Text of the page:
Jose, Fordham Facilities Worker



By Katie Russo

The ubiquitous white vehicles with maroon details and blue uniforms with red embroidery sometimes fade into the background for Fordham students, who become accustomed to the presence of maintenance workers with far longer tenures than them. In the shadowy doorway of Larkin Hall at night, Jose is hidden from most angles except for the glow of his cigarette and the glint of light on his glasses.

Jose was born in Santiago, Dominican Republic, in 1954. He grew up there, and met his wife in school. They were engaged and married shortly after completing their educations. They had three children, whom Jose describes as joys of his life. When in the Dominican Republic, Jose was a tailor. He enjoyed the craftsmanship involved with the job, but said that the most important thing was that it put food on the table.

In 1984, Jose and his family moved from the Dominican Republic to the United States. They first settled in Spanish Harlem, but later moved up to the Bronx. When asked what his first job in New York City was, Jose said he could not even remember with a laugh. He said he had many jobs, the most memorable being a factory in Brooklyn when there was still manufacturing, and a taxi driver. Around age 40, Jose began to work at Fordham in maintenance.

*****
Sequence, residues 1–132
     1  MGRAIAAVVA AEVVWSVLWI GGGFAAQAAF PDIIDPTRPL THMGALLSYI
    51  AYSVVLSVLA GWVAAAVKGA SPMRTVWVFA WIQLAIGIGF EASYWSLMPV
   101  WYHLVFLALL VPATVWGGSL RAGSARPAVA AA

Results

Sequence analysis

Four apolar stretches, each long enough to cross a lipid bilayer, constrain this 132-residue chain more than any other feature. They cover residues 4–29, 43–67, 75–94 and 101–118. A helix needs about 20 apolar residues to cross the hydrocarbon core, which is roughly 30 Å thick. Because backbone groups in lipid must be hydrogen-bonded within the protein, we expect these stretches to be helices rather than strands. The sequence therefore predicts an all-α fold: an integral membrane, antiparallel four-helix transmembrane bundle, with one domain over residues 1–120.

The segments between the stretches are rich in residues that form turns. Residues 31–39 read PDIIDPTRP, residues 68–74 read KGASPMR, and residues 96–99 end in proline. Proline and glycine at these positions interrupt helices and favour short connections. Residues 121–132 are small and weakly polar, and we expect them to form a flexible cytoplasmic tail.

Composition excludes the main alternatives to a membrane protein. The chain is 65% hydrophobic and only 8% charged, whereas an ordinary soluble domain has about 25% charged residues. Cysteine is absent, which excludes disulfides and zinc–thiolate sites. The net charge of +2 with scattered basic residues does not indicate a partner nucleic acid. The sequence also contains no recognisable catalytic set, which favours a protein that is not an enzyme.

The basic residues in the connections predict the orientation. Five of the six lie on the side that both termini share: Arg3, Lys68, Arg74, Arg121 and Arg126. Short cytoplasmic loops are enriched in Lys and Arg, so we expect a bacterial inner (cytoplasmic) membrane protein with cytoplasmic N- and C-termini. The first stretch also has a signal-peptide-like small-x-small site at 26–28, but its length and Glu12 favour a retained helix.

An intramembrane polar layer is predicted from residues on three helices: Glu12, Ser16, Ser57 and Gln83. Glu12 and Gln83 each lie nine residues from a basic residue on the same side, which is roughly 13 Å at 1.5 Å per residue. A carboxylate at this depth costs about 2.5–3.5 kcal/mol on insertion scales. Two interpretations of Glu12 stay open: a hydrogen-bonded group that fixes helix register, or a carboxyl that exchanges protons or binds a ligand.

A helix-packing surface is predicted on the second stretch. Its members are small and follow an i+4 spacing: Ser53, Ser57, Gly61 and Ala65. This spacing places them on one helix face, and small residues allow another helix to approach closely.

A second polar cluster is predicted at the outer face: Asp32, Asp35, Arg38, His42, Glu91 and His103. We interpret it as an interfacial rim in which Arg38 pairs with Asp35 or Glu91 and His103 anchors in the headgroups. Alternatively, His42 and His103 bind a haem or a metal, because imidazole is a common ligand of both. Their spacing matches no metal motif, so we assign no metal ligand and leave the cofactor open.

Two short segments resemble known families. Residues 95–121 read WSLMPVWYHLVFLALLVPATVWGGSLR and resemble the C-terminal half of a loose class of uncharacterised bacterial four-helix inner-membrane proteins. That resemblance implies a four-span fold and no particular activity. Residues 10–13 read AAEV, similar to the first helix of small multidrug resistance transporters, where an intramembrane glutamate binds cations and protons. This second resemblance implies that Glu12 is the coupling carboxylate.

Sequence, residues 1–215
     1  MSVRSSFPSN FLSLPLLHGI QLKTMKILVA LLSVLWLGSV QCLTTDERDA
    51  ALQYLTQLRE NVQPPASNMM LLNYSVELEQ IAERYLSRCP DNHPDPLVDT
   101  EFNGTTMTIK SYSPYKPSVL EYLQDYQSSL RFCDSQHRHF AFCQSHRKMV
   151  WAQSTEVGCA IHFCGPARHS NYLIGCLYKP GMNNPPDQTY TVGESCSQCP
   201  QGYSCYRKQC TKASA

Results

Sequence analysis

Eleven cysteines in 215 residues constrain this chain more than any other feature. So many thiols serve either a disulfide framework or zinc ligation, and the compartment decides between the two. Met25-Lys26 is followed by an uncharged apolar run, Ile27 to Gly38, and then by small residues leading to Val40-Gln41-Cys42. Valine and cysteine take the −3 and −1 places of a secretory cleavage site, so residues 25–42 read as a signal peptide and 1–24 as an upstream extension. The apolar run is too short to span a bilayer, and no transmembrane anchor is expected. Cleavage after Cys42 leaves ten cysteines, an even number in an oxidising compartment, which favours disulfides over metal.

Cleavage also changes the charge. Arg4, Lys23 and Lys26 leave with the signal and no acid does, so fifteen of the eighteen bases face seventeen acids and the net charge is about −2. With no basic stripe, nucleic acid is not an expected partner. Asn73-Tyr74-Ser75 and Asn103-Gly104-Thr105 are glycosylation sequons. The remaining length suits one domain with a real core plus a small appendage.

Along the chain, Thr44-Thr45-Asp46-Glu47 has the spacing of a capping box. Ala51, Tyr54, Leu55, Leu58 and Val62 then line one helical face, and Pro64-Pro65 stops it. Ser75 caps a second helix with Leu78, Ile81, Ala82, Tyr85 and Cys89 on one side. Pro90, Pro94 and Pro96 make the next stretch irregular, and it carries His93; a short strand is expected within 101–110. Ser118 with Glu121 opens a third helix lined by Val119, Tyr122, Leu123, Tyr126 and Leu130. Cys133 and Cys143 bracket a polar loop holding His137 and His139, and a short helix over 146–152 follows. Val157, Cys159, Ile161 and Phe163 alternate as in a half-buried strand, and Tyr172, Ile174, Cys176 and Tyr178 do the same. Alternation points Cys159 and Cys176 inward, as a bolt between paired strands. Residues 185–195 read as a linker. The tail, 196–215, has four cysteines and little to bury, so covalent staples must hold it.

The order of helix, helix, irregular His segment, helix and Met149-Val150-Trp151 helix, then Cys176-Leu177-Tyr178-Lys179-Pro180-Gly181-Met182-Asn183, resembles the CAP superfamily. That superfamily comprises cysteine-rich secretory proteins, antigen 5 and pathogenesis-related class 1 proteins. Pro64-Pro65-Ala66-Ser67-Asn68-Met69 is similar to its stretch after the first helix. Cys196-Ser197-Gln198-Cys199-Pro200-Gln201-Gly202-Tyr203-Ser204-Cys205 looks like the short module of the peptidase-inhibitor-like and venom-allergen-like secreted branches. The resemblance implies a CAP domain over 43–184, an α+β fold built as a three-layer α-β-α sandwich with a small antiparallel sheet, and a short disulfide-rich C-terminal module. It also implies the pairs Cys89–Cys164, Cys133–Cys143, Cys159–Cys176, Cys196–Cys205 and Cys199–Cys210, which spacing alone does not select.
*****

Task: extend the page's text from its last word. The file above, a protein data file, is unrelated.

Jose cleans the lab building for the biological sciences, and has done so for a long time. He’s worked at Fordham around 20 years, and loves working here. When asked why, he described his work environment as a family. He feels that people look out for him, like his coworkers in Facilities, Public Safety, academic staff, and administration. His own family are not unfamiliar with Fordham—two of his three children are graduates of the university. The elder is a doctor, the other is in business administration.

After asking after his dreams for his kids and himself, Jose said his dreams are almost fulfilled. He is still with his wife after almost 40 years, and his children are successful and happy. His pride is that that they do not depend on him; in fact, they help their father out as much as they can and say they pay him back for his hard work. Jose would like to finish out his working life at Fordham, then retire and spend the rest of his life with his wife. After our interview was finished, he told me he wished the same thing for me, a life filled with love.



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